In a similar manner, getting well-known agriculture economist Ashok Gulati to head the Commission for Agricultural Costs and Prices (CACP) seems to have paid rich dividends. Gulatis initial hikes in minimum support prices (MSPs) have attracted a lot of criticism, including from this newspaper, for their inflationary impact (Gulati insists, though, inflation is the lowest in precisely those products that have MSPs), but he has other tricks up his sleeve. And even on the question of hiking MSPs, Gulati may have a point if production of coarse grains for which MSPs have been raised start rising. Of late, Gulati has been in the news for a variety of other reasons. For one, hes been taking on the government for how it is killing both the private grain trade and the fisc by its open-ended procurement policyaccording to Gulati, the government has food stocks around thrice what it needs and that, in turn, is adding R1 lakh crore to annual budget costs. Hes had some success in convincing state governments to start thinking about giving per acre subsidies as opposed to, for instance, large subsidies on wheat in Madhya Pradesh, which end up distorting crop patterns. Most important is the attempt to get Punjab to once again think of moving away from wheat, which has depleted the water table beyond acceptable levels, through an infrastructure-style viability gap funding. Gulati claims hes been working on getting the government to accept the idea of not banning exportsthe huge wheat glut is a result of a four-year banand going in for export taxes instead.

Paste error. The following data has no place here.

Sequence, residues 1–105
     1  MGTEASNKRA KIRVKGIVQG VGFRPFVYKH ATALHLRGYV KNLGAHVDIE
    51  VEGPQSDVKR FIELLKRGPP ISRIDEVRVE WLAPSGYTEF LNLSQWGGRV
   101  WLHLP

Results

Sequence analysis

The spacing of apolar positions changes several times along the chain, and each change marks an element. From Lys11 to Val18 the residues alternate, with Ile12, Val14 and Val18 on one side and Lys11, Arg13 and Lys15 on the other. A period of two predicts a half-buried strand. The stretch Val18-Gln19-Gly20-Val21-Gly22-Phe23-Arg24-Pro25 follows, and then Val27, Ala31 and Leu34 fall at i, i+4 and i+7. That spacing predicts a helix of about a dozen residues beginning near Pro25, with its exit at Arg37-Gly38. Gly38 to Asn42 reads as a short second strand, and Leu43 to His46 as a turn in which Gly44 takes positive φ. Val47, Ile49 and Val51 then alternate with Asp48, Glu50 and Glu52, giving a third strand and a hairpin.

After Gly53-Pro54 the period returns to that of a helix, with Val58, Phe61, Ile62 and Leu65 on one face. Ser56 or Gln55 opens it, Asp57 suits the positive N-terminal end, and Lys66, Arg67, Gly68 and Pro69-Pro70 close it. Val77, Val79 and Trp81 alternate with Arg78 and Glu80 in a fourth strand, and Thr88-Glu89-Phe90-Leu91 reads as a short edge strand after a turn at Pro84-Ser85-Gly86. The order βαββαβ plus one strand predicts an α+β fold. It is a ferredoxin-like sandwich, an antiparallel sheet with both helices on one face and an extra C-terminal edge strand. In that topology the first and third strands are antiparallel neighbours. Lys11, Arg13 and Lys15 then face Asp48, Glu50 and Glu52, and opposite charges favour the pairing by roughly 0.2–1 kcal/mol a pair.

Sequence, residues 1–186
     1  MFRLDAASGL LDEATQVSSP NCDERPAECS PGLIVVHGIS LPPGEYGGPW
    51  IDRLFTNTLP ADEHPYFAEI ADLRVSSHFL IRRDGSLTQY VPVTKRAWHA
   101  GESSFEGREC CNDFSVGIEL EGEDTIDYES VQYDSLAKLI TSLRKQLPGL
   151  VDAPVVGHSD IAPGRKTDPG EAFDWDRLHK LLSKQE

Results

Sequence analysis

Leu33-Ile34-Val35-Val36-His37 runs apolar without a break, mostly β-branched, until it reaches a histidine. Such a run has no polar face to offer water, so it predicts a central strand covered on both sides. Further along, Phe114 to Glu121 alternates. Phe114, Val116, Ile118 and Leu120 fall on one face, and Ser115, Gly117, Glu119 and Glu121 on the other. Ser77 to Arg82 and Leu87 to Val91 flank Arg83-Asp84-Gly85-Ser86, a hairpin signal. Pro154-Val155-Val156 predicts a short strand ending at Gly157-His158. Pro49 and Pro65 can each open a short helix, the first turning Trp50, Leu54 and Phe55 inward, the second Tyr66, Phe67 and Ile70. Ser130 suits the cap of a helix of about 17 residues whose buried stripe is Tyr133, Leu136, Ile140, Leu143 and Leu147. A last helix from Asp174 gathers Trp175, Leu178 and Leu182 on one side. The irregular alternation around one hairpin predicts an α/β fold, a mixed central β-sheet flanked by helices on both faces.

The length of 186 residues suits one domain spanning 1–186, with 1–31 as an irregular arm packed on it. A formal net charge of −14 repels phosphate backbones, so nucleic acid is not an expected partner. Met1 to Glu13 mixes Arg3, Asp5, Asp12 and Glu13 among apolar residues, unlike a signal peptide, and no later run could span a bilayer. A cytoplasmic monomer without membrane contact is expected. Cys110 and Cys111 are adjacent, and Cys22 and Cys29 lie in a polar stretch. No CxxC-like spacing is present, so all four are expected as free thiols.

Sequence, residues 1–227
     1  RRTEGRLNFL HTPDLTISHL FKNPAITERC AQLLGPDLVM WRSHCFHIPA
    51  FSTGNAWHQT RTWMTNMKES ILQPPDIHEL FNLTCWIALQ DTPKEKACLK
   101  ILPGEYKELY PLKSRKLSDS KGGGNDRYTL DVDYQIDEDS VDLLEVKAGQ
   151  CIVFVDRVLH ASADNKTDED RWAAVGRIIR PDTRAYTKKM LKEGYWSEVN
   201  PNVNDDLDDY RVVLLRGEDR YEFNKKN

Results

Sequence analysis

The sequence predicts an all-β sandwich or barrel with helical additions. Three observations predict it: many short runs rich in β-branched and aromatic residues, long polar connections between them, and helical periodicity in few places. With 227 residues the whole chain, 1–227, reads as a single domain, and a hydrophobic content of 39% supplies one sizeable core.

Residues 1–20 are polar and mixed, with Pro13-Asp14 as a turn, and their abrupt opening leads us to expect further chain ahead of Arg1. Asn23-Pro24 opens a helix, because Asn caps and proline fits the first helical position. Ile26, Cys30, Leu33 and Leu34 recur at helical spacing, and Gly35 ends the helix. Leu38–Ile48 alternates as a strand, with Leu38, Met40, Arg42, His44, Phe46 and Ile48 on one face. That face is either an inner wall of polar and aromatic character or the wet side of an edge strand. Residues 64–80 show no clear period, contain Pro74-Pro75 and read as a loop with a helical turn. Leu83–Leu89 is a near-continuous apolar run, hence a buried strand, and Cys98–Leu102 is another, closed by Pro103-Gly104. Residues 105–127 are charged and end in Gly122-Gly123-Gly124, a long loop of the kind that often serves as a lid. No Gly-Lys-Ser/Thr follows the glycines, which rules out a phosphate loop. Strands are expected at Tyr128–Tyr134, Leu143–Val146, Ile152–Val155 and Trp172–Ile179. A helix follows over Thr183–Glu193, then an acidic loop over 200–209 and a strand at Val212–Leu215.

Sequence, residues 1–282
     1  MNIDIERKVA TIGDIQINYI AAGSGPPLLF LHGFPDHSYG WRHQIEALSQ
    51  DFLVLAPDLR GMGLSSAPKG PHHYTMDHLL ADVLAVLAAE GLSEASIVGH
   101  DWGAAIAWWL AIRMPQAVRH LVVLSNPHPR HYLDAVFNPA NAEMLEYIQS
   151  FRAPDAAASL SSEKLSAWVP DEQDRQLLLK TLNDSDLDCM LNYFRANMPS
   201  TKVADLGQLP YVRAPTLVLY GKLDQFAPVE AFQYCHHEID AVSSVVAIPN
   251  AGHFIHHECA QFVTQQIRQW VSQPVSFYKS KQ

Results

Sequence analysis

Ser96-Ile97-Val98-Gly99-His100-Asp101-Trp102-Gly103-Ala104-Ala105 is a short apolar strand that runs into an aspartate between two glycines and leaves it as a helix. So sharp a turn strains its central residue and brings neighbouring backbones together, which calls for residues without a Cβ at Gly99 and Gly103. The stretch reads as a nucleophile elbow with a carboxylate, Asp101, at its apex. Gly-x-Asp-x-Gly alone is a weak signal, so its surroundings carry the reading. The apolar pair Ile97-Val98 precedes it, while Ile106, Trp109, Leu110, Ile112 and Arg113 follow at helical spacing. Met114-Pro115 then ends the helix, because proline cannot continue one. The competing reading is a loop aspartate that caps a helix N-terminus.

While well get to know if thats worked when the next export policy comes out, the experience of both Nilekani and Gulati reiterates the fact that inducting good professionals, and empowering them, is always a good idea.